Australian war memorials are distinctive in that they commemorate not only the dead. Australians were proud that their first great national army, unlike other belligerent armies, was composed entirely of volunteers, men worthy of honour whether or not they paid the supreme sacrifice. Many memorials honour all who served from a locality, not just the dead, providing valuable evidence of community involvement in the war. Such evidence is not readily obtainable from military records, or from state or national listings, where names are categorised alphabetically or by military unit.

Australian war memorials are also valuable evidence of imperial and national loyalties, at the time, not seen as conflicting; the skills of local stonemasons, metalworkers and architects; and of popular taste. In Queensland, the soldier statue was the popular choice of memorial, whereas the obelisk predominated in the southern states, possibly a reflection of Queensland's larger working-class population and a lesser involvement of architects.

Many of the First World War monuments have been updated to record local involvement in later conflicts, and some have fallen victim to unsympathetic re-location and repair.

Many different types of war memorials were erected throughout Queensland, however none are as emotive or as unique in design as the one at Gatton. At the laying of the foundation stone, the memorial was said to be an expression of sympathy with the mothers of fallen soldiers.

Description

The First World War Memorial is situated in a park setting and is surrounded by mature trees.

The memorial is located in comparatively new landscaping comprising paved pathways and gardens beds with new planting. It is approached by a path from Hickey Street which passes a bottle tree. New sandstone slabs with bronze plates to the front faces are located on either side of the path leading to the monuments. These are memorials to soldiers in later conflicts.

The pathways form a cross with the monument located at the centre. A gun or 'war trophy' is located at the rear and each side of the monument. A flagpole is located to one side.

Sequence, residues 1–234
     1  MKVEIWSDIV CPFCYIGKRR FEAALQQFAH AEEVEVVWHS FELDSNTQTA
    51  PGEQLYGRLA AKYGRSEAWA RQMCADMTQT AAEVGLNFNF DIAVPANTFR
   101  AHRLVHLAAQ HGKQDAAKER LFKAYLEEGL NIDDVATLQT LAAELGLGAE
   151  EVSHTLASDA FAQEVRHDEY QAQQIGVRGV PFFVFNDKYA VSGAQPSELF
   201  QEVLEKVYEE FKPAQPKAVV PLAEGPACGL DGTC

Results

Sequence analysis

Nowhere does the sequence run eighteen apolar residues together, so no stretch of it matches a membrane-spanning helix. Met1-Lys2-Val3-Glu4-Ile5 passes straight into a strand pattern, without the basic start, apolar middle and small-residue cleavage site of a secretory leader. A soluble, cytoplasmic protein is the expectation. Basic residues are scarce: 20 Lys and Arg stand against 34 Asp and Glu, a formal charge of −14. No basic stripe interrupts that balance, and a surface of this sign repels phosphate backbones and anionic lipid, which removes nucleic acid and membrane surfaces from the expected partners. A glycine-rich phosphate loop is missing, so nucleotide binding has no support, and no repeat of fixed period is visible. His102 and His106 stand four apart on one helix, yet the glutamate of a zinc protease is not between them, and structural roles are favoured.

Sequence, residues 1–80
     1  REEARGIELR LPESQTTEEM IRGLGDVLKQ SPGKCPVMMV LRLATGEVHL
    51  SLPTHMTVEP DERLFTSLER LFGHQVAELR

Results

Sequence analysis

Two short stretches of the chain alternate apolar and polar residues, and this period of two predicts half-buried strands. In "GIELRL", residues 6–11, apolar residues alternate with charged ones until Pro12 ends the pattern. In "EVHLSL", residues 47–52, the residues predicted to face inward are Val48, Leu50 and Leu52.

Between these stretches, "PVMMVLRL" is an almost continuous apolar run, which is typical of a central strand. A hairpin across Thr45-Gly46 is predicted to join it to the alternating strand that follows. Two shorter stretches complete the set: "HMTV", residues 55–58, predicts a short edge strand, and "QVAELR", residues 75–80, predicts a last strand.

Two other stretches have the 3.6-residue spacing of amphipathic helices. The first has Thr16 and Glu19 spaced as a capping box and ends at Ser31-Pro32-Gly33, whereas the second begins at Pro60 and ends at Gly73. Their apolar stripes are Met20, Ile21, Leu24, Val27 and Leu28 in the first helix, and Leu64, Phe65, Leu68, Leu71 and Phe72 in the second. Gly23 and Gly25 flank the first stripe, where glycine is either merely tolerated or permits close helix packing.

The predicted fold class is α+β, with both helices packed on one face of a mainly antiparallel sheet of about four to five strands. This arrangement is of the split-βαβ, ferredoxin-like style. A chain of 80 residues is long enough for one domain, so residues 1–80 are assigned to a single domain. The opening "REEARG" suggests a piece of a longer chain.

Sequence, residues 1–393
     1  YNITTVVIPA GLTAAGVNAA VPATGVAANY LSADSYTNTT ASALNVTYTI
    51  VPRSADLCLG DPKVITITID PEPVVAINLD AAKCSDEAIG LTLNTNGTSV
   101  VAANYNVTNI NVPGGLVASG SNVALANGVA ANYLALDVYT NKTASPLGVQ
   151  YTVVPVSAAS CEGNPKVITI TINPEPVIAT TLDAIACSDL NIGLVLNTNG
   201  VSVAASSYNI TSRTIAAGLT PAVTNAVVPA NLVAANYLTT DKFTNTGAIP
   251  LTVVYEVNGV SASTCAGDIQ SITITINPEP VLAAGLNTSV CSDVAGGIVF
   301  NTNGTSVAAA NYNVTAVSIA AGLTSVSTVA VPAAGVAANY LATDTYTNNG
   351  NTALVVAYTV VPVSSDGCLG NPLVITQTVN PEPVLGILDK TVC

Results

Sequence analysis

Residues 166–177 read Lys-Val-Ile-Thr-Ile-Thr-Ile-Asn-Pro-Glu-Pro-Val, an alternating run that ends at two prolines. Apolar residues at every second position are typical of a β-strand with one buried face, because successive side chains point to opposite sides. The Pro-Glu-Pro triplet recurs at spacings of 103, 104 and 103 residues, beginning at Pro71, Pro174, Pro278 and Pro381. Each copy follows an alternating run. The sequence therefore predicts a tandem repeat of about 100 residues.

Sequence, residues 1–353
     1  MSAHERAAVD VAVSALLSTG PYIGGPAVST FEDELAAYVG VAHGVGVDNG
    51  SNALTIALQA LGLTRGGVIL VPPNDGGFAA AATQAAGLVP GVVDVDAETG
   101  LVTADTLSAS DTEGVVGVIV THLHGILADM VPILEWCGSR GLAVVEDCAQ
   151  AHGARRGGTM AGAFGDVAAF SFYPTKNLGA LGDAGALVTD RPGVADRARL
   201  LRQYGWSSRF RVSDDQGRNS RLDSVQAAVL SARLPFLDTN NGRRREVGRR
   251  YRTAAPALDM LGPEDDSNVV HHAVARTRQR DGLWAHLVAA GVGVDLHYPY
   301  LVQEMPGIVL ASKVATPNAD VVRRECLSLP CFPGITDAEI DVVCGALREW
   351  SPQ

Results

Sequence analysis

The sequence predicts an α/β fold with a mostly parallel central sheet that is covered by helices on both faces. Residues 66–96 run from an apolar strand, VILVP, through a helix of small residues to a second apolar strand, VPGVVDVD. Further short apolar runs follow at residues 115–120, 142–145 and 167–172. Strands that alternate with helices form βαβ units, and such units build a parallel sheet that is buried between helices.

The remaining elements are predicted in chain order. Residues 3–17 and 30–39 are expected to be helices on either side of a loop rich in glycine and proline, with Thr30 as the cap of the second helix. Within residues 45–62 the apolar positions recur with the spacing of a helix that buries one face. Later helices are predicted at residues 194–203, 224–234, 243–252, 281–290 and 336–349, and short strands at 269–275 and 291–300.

The monument itself stands on a concrete base step. Above this are two smooth-faced marble steps capped by a rounded moulding. The first step is square in plan, whilst the upper one steps in at the centre of each face.

Above this base is a mausoleum type structure comprising four columns and a roof. The floor, from which a central square pillar rises, is laid with black and white marble tiles in a chequerboard pattern. The pillar sits on a base of two steps and is partially covered with a tasselled shroud. It bears the leaded names of the 68 local men who fell in the First World War. The names of those who fell in later conflicts are recorded on the base of the pillar; 23 in the Second World War and 2 in Vietnam.

The pillar is flanked by columns at each corner. Each has simply moulded bases, and Greek egg and dart ornamentation at the top. The columns support a roof like structure which sits on square blocks at each corner. A curved fascia spans between each block and the roof structure has a pediment to each face. The dates 1939 - 1945 are leaded on the front face. At the centre of the roof is a square base with a mound of rocks above it. Sitting on this is a two thirds life size figure of a weeping mother. Her chin rests on her right hand and she holds a scroll which bears the leaded inscription Their names liveth forevermore.

The monument is made up of different types of marbles. The figure itself is of coarse Ulam Marble. Finer marble with a grey grain has been used in some areas such as the columns and base and black marble has been used on the floor.

Image gallery

Location

Location of Weeping Mother Memorial within Queensland
Licence
Creative Commons Attribution 4.0 International (CC BY 4.0)
Last updated
20 January 2016